Big, heavy, and blocky, the Aurus Komendant is a projection of Russian state power at a time of huge economic and humanitarian upheaval.
Launched the other week at a museum run by the Russian Federal Protective Service (FSO) that’s tasked with protecting government officials, the Komendant, like other Aurus vehicles, has been designed primarily to ferry around Russia’s elite.
The Komendant has an upright stance, large rectangular grille with vertical slats, and squared-off headlights. All of which give the crossover more than a passing resemblance to the Rolls-Royce Cullinan, although it misses out on the British car’s reverse-hinged rear doors.
The tail-lights, on the other hand, look like a reference to the pre-facelift Bentley Bentayga.
The interior is kitted out with Nappa leather, metal and Russian wood trim, adjustable ambient lighting, wireless phone charging both front and back, a Wi-Fi hot spot, and an analog clock.
The two rear seats have access to tables that fold out of the centre tunnel, a minibar-style refrigerator, and individual multimedia screens.
Other available features include air suspension, adaptive steering, and various driver assistance features.
The Komendant, like the Senat sedan, is powered by a 4.4-litre twin-turbo V8 hybrid drivetrain producing a total of 446kW and 880Nm, and drive all four wheels via a nine-speed automatic transmission with a built-in 46kW electric motor.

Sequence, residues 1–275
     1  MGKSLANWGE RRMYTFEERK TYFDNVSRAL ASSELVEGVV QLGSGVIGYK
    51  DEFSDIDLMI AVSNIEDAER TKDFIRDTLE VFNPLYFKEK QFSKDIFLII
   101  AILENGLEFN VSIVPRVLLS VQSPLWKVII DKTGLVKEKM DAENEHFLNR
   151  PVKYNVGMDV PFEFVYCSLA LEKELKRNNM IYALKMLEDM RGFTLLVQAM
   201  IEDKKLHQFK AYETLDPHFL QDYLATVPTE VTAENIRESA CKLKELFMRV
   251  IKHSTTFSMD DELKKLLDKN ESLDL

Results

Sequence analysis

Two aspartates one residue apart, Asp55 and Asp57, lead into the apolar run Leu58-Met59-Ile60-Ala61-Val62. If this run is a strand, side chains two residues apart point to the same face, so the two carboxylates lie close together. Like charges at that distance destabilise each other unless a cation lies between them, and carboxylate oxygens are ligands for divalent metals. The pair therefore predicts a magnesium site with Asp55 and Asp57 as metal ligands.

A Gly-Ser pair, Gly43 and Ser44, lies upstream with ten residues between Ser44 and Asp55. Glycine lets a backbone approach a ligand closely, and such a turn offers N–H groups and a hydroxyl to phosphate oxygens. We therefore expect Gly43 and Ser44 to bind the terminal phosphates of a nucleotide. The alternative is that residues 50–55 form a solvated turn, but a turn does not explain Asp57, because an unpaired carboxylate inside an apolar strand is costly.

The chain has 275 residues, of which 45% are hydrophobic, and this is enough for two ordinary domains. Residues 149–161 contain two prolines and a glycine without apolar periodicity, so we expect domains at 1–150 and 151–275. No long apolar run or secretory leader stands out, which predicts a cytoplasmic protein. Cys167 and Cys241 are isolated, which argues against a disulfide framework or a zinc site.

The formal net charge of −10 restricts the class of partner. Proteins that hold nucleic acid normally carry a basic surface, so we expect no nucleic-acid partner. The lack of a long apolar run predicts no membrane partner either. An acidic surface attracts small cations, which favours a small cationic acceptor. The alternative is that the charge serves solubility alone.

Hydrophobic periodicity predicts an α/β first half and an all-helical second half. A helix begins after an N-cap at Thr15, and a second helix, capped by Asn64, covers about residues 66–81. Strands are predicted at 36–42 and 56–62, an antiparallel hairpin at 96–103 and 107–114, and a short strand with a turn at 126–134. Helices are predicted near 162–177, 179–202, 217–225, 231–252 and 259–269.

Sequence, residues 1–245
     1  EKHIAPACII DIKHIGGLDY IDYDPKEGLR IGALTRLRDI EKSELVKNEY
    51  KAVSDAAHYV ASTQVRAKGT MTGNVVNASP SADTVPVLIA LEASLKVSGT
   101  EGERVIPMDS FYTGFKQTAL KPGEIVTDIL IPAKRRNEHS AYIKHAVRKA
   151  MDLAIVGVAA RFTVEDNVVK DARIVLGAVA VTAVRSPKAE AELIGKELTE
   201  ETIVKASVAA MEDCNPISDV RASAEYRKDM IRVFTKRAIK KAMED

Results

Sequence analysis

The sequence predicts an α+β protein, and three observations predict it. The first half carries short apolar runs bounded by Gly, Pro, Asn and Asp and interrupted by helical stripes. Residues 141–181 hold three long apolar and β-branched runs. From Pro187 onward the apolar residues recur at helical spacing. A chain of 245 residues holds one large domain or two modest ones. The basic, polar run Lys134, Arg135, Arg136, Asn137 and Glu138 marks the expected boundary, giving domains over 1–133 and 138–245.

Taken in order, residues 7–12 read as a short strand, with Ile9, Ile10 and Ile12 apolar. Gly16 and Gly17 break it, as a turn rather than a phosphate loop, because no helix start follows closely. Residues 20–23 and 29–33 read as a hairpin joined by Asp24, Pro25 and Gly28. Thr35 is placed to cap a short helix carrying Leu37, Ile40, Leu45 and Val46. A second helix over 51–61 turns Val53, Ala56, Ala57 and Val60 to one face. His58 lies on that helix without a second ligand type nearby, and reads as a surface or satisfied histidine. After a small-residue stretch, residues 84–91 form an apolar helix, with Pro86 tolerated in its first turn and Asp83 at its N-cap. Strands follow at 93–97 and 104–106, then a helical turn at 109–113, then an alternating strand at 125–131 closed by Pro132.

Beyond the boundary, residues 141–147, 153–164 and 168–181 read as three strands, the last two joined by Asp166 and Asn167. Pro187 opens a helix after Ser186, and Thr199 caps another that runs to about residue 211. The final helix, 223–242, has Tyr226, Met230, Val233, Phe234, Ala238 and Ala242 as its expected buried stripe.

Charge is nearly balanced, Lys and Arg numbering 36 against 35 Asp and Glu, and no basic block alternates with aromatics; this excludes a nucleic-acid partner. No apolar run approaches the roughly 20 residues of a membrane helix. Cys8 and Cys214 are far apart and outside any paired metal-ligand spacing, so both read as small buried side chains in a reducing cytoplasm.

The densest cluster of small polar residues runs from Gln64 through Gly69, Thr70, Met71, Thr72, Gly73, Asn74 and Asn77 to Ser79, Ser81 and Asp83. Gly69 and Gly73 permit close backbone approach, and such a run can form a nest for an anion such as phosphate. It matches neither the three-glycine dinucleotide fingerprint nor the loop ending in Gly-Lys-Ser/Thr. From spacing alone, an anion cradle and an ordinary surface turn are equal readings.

Top speed is an unremarkable 220km/h, while the 0-100km/h time is similarly lethargic at 6.5 seconds. Fuel economy is a hefty 18.5L/100km on the combined cycle. These less than stellar figures are likely due to the car’s high curb weight of 3235kg.
While the Komendant measures 5380mm long, 2004mm wide, 1820mm tall, and has a 3100mm wheelbase, the launch model is only available with four seats.
Riding on standard 20-inch alloy wheels, with 21- and 22-inch rims available, the Komendant’s air suspension can be raised from the 230mm of ground clearance to 260mm if the roads get a little rough, which they tend to do outside of major cities, like Moscow and St Petersburg.
As with other luxury vehicles priced north of US$200,000, the Komendant is highly customisable via a large selection different leather, wood, and colour combinations.
We’re not sure how or when the Komendant will start rolling down the production line given Russia has been hit with punitive sanctions in retaliation for its invasion of Ukraine, and cut off from the international inter-bank transfer system.
As a result major industries have been starved of imported components, and automakers, including Ford, Nissan, Mercedes-Benz, Toyota and Renault, have left the country, selling their assets for notional amounts.
Lada – formerly a part of the Renault Group – has restarted production in the middle of the year, but only for stripped-back models that largely do without foreign-sourced components.
The Granta “special edition”, for example, is fitted with the base 1.6-litre engine, four speakers, but no audio system.
Aurus was founded in 2018 to produce Russia’s official state cars, and began selling civilian versions of these vehicles in 2021.
Russia’s Central Research and Development Automobile and Engine Institute (NAMI) has a majority stake in Aurus. NAMI’s other major investment is Lada, which it bought from Renault in mid-May this year.
Prior to the invasion of Ukraine, the Aurus sedan and limousine were built by Sollers at a factory jointly owned by Ford, and which also produced the Transit van.